FILE - Dr Ismail Jakoet during the South Africa Rugby Union Executive committee photocall session at Newlands Southern Sun Hotel in 2012. Photo: Carl Fourie/Gallo Images
FILE - Dr Ismail Jakoet during the South Africa Rugby Union Executive committee photocall session at Newlands Southern Sun Hotel in 2012. Photo: Carl Fourie/Gallo Images

RIP Dr Ismail Jakoet: A ‘giant amongst men’ in rugby administration, says Mark Alexander

By Ashfak Mohamed Time of article published May 25, 2021

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CAPE TOWN — “A big tree has fallen.” That was how SA Rugby Union president Mark Alexander described the passing of Dr Ismail Jakoet on Tuesday at the age of 72.

Jakoet had a long history in the sports fraternity and medical community, and his last post at SA Rugby was as the company secretary before his retirement in 2016.

“He always put South Africa first, and played an active role in breaking down the barriers which kept South Africans from different races apart on the rugby field, which will be one of the legacies he leaves behind,” Alexander said in a statement on Tuesday.

“He supported other teams, but from the day the playing fields were level, his heart was finally with the Springboks.”

Jakoet hailed from District Six, and matriculated from Harold Cressy High School in 1965. He studied medicine at the University of Cape Town (UCT) and qualified as a doctor in 1973, while also achieving a Masters in Sports Science from the University of Pretoria in 1993.

He moved to Port Elizabeth in 1975, and got involved in rugby administration, later becoming the vice-president of Eastern Province under the non-racial Saru banner, where he also served the national structure as a treasurer.

Following unification in 1992, Jakoet moved back to Cape Town and was appointed as the medical manager at the then-SA Rugby Football Union, before becoming the company secretary in 2006 until his retirement in 2016.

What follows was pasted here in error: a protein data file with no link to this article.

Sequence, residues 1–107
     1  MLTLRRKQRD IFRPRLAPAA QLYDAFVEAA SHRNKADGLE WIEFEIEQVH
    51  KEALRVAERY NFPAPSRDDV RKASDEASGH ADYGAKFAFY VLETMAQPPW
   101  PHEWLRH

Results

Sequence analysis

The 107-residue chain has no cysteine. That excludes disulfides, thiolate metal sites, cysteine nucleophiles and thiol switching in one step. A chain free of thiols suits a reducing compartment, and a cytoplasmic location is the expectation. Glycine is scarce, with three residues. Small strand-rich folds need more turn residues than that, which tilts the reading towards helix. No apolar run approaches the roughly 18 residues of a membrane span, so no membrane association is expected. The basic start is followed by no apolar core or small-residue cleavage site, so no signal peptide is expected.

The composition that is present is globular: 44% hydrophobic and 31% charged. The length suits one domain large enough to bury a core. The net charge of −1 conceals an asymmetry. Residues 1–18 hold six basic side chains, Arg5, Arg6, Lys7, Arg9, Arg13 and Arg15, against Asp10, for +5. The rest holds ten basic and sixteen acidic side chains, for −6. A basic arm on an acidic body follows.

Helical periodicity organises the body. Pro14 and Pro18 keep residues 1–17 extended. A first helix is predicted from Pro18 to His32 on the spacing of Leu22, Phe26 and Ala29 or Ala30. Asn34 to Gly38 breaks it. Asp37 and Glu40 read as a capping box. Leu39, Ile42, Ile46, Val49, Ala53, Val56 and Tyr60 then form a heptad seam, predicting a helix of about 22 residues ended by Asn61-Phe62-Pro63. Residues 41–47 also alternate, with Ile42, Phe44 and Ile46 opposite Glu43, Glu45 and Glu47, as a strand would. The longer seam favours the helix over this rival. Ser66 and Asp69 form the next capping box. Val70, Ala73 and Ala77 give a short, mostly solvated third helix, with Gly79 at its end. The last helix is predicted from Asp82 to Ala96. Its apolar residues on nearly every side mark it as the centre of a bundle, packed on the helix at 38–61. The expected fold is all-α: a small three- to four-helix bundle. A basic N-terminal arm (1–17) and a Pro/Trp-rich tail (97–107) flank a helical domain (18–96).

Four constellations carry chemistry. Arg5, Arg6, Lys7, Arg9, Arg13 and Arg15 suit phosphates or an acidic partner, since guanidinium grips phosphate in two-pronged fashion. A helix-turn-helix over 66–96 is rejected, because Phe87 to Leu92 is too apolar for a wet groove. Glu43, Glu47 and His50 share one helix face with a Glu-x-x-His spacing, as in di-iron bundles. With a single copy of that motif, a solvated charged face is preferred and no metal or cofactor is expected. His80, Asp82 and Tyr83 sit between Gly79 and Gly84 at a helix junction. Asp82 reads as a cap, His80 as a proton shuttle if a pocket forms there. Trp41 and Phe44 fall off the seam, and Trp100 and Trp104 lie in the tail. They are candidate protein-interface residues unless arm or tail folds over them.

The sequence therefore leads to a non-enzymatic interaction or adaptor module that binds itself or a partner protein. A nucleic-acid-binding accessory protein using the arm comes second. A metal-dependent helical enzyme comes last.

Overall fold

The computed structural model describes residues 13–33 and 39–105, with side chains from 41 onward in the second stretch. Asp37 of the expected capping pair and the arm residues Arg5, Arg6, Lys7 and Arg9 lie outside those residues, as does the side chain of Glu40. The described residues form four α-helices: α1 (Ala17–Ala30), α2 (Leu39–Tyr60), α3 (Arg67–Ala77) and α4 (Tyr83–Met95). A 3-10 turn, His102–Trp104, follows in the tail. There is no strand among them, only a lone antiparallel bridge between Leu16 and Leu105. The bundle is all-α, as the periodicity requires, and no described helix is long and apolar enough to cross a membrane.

He also played a major part in creating the Petro Jackson Memorial Fund for injured rugby players, which later merged with the Chris Burger Players Fund.

“Dr Jakoet played a massive role when we unified almost 30 years ago, and his role in uniting our game all those years ago, and serving rugby ever since until his retirement in 2016, can never be underestimated,” Alexander said.

“Miley was a scrumhalf in his playing days, and while he may not have been the biggest player on the field, he was a giant amongst men in the field of rugby administration. A big tree in the world of rugby, sport and medicine, here in South Africa but also abroad, has fallen.

“Such was his standing in the South African sporting landscape that former minister of sport Steve Tshwete sent Doc Jakoet and Raymond Hack abroad to investigate how international anti-doping bodies operate, which allowed them to form the South African Institute for Drug-Free Sport in 1998, and Doc Jakoet then also served as the first chairman of SAIDS, playing a pivotal role there.

“Doc Jakoet knew the game inside and out, having worked with many presidents during often trying times, but he never put his own interests above that of what was important for rugby, and served with wisdom, calmness and integrity.

“Our heartfelt condolences to his wife, Yasmin, their children, grandchildren, other family and friends, and thank you for allowing Doc Jakoet to serve the game we all love, making such a massive difference to the lives of many here in South Africa.

“To the family of our beloved Doc Jakoet, we pray that Almighty Allah grant him Jannatul Firdaus.”

Jakoet also worked with World Rugby on various medical committees, and was the chief medical officer at the 1995 Rugby World Cup and the All Africa Games in Zimbabwe in the same year, as well as for Team SA at the 1998 Commonwealth Games in Malaysia, and an observer for the World Anti-Doping Agency (Wada) at the 2000 Sydney Olympics.


IOL Sport

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